The University of Leicester and St George’s, University of London have achieved success in the Court of Appeal, overturning High Court guidance for Judicial Review (JR) which removed HEI’s protections from JR and could have compelled unhappy students to commence JR proceedings unnecessarily. Peter Barr of Gateley’s higher education team and Counsel, Aileen McColgan, of 11KBW advised the universities.
Since the decision in Sibourema, the broadly accepted view was that students had to complain to the Office of the Independent Adjudicator (the OIA) in order to challenge a decision by a HEI. If dissatisfied with the OIA’s decision, the student would be entitled to JR the OIA.
The case involved two former students who had their participation on their courses terminated respectively for repeated exam failure and for failing to meet fitness to practise requirements. The students were provided with their Completion of Procedures letter marking the end of the Universities’ procedures, leaving the students with the option of complaining to the OIA followed by JR.
Turning the established practise on its head, the High Court decided that these students (and students generally) could begin JR proceedings against a HEI before going through (or deciding not to use at all) the free, bespoke complaints service that the Government set up (i.e. the OIA) and that (in effect) HEIs had to agree to extend the time for a student to bring a JR claim against it in order for them to go through the “final” avenue of redress of complaining to the OIA.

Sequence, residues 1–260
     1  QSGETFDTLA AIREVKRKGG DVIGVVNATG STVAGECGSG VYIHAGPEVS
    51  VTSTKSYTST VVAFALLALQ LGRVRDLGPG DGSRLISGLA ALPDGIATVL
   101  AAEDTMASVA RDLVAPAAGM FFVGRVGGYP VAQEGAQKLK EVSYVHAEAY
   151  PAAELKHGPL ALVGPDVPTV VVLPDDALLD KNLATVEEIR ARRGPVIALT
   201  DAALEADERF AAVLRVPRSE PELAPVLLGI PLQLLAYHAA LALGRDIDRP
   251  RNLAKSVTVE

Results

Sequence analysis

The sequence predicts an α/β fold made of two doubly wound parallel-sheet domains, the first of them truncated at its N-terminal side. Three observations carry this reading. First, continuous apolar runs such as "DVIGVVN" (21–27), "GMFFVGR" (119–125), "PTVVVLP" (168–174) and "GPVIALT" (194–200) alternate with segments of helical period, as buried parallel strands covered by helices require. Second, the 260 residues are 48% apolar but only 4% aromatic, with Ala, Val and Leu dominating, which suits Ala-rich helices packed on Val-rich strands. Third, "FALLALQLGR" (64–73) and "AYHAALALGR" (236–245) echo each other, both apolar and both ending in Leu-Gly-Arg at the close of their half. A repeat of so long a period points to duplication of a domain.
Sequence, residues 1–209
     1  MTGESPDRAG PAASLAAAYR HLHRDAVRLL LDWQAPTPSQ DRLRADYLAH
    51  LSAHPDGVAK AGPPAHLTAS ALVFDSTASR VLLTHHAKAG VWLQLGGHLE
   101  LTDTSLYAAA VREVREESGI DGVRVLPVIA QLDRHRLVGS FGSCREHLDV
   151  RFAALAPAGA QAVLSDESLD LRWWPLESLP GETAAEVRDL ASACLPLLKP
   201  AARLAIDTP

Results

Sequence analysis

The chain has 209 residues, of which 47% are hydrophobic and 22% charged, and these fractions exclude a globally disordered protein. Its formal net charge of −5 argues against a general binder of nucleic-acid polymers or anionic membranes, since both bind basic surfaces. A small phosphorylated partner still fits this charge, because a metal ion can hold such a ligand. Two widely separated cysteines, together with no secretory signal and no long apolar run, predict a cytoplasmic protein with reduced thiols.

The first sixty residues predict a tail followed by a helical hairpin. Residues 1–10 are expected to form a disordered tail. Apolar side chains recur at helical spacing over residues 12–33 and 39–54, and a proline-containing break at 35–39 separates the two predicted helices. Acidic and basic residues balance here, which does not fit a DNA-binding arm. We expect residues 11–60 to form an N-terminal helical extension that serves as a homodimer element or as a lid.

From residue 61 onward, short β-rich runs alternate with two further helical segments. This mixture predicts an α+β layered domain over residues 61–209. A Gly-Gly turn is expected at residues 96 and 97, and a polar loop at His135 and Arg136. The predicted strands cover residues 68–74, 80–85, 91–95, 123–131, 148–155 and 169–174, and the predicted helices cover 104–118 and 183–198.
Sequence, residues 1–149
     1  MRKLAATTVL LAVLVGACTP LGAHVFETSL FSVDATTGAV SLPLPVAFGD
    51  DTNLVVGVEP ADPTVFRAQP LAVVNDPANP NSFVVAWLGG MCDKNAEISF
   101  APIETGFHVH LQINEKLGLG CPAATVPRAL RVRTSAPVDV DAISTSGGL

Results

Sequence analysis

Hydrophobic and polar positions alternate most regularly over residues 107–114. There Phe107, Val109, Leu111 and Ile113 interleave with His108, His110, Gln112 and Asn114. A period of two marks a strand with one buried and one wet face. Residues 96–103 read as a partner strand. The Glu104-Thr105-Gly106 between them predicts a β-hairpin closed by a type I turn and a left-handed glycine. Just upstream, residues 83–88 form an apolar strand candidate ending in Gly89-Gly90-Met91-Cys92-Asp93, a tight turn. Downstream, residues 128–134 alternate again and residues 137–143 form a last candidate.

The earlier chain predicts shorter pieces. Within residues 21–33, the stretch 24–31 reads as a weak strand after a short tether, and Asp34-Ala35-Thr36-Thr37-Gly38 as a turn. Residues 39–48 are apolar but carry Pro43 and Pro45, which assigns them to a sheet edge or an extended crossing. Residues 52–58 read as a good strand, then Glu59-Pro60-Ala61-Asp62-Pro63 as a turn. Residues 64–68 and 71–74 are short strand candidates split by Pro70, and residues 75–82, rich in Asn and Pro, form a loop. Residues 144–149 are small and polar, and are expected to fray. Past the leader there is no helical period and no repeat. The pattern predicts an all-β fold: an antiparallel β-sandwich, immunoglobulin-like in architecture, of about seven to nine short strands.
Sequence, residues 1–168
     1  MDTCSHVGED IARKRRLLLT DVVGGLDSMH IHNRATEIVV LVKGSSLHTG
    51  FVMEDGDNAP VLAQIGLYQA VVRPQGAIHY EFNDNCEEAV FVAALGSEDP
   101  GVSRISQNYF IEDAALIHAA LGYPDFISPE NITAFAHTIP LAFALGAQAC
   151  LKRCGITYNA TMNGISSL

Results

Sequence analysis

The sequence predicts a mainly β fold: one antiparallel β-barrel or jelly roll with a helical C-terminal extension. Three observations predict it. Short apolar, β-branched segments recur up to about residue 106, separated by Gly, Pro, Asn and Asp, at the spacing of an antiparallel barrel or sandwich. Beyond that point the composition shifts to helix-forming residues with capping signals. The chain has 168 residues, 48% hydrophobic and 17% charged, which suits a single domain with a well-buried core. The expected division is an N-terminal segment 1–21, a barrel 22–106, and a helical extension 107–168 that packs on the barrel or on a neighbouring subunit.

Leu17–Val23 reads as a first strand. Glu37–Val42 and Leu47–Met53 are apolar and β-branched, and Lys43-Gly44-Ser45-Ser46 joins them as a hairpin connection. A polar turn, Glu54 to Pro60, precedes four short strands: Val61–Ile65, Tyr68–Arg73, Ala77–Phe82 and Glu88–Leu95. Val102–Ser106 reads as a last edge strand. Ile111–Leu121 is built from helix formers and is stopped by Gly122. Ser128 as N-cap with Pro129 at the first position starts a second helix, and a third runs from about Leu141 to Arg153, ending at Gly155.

This gave students a second bite of the cherry as they could challenge a HEI decision via the OIA and if the student was dissatisfied with the OIA’s finding, the student could JR the OIA and the HEI after the OIA had considered the complaint.
The Universities successfully argued that the High Court’s guidance would remove protection for HEIs and lead to an increase of JRs against them. This would place HEIs in a worse position than other public bodies, leading to an increase in legal spend and the diversion of resources to deal with JRs. It would also place a burden on students who would inevitably have to take pre-action steps or even commence JR proceedings to protect their position in the event they later wished to JR the HEI. This would undermine the role and purpose of the OIA.
The judgment handed down by Lady Justice Nicola Davies DBE, allowed the Universities’ appeals. The judgment releases HEIs from the rigidity of the High Court’s guidance and replaced it with more flexible direction that it would be open to a student to write to a HEI, before complaining to the OIA, stating that they did not, at that time, wish to institute proceedings for JR but putting the HEI on notice of the detail of their complaint and indicating that it may be necessary to apply for JR in the event that the OIA procedure does not provide a suitable remedy. The student would be able to rely on the letter at a later stage if they wished to JR the HEI out of time.
The Court of Appeal’s decision retains HEI’s protections from JR, empowers the OIA and provides students with guidance they can follow swiftly and at limited cost if they wish to preserve their rights.